Can you do a killer impression of Michael Jackson? What about Lady Gaga? Maybe even a Taylor Swift? If so, keep those impressions fresh because they could come handy for not only Las Vegas but for the Great White Way as well.
Thanks large in part to the success of The Cher Show, Broadway is on pace to be a prime location for bio-jukebox musicals. We’ve already seen the likes of Jersey Boys, On Your Feet and Summer: The Donna Summer Musical. Ain’t Too Proud to Beg, based on The Temptations, is on its way in 2019. There are also plans to bring shows based on the lives of Tina Turner, Michael Jackson, Queen and the Bee Gees to New York.
Since these bio-jukebox musicals aren’t going away anytime soon, it’s our jobs as actors to be ready. So in addition to working on movement, stage combat and dialects, developing some solid impressions isn’t a bad idea. I don’t do any impressions but I asked a friend of mine who does a killer Patti LuPone (it’s hilarious) what makes for a great impression.
“A lot of people think you just have the nail the voice,” she said. “While that certainly helps, you have to really become of the whole person. So it’s in the body, the expressions of the face, the attitude. It involves a lot of research, especially if it’s for a serious production.”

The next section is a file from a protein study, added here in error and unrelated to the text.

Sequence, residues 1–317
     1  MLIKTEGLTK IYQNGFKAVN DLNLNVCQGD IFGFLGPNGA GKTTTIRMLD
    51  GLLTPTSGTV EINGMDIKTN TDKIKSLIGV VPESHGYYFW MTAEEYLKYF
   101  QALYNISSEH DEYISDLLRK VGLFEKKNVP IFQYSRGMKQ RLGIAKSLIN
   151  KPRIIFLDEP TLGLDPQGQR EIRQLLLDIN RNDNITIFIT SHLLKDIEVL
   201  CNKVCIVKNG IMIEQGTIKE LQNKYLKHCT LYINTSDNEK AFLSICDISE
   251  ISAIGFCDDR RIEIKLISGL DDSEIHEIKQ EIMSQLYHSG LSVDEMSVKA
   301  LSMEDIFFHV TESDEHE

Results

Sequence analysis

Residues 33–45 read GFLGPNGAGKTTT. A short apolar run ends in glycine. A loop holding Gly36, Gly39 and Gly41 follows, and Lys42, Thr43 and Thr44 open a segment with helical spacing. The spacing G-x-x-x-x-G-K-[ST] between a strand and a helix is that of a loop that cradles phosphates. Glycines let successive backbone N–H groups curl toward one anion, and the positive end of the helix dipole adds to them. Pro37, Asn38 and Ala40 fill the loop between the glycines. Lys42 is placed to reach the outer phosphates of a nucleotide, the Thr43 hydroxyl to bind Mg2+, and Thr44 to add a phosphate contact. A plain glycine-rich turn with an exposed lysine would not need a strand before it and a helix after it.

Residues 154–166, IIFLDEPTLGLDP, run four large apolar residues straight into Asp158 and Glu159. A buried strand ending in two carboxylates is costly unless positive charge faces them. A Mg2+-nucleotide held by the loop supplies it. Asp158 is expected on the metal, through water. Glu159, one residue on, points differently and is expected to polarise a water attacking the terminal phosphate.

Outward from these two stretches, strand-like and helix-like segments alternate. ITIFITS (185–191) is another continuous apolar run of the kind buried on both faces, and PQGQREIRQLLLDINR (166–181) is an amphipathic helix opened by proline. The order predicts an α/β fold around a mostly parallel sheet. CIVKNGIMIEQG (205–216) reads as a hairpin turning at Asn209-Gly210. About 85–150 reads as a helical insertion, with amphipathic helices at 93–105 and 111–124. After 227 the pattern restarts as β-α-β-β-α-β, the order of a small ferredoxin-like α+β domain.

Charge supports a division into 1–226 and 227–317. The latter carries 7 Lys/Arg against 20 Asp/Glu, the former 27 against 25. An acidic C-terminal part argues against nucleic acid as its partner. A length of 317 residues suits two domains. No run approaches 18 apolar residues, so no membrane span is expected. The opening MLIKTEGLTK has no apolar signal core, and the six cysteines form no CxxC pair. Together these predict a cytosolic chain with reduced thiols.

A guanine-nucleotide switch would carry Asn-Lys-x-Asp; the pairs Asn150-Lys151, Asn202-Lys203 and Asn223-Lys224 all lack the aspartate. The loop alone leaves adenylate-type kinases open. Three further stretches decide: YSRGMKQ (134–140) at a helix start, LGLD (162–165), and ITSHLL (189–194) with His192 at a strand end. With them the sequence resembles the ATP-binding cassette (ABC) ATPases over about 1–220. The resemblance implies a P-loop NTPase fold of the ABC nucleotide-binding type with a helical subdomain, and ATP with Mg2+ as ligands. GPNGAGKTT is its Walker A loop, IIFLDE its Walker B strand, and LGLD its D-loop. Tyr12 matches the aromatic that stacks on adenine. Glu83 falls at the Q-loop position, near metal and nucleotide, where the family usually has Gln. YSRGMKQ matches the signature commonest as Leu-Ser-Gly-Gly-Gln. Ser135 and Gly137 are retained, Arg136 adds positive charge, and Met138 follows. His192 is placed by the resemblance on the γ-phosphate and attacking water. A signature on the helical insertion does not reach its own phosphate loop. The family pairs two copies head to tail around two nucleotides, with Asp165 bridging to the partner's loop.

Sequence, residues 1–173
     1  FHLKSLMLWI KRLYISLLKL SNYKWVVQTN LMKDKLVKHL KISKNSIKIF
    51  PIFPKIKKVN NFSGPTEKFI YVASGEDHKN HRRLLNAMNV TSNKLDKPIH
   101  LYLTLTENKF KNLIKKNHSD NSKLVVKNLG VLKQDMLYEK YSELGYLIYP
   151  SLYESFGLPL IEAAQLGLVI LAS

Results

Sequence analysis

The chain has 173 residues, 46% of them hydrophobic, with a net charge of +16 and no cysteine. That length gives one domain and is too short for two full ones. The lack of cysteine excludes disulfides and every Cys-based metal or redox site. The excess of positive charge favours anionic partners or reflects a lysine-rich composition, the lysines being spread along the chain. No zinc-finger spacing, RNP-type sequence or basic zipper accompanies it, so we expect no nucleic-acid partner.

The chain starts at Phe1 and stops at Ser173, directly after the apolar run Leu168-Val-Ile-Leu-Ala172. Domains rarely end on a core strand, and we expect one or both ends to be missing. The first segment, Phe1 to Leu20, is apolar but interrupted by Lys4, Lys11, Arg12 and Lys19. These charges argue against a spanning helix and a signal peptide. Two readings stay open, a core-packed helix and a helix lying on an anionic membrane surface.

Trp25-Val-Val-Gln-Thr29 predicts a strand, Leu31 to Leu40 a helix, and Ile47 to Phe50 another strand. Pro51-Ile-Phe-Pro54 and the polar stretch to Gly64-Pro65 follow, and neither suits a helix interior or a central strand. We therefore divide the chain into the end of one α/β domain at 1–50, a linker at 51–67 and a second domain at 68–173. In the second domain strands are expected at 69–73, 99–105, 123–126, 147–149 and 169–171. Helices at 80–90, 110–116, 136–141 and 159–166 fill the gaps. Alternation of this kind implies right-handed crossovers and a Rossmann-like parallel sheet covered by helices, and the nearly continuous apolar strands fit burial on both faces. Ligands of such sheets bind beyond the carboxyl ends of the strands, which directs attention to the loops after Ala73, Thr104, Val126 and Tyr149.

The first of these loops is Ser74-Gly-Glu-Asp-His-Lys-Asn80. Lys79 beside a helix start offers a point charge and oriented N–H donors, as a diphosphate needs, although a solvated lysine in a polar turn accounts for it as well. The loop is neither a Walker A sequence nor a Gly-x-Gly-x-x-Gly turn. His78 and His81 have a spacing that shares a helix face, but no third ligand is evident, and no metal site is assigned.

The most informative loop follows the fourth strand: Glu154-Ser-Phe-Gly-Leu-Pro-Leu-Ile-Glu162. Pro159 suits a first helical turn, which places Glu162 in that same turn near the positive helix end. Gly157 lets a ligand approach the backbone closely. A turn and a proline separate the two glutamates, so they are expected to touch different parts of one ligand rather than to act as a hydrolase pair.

To illustrate this, below is a video of Christina Bianco, who not only is an incredible performer as herself, but also one of the best impressionists working today. While she certainly nails the voices of each person she does, notice how she changes her posture, tilting of the head and what she’s doing with her hands. All important in nailing an accurate impression.
These types of shows are going to be such a regular occurrence on Broadway, that I’m already hearing buzz from well-known college theatre programs that they’re going to implement impression training in their curriculums. Personally, whatever gives an aspiring performer a better chance of landing a role, I’m for it.
While costuming, hair and makeup can certainly aid any impression, nailing the true essence of the person is up to the performer. So beef up on those impersonating skills, they could come in handy when trying to make it on Broadway.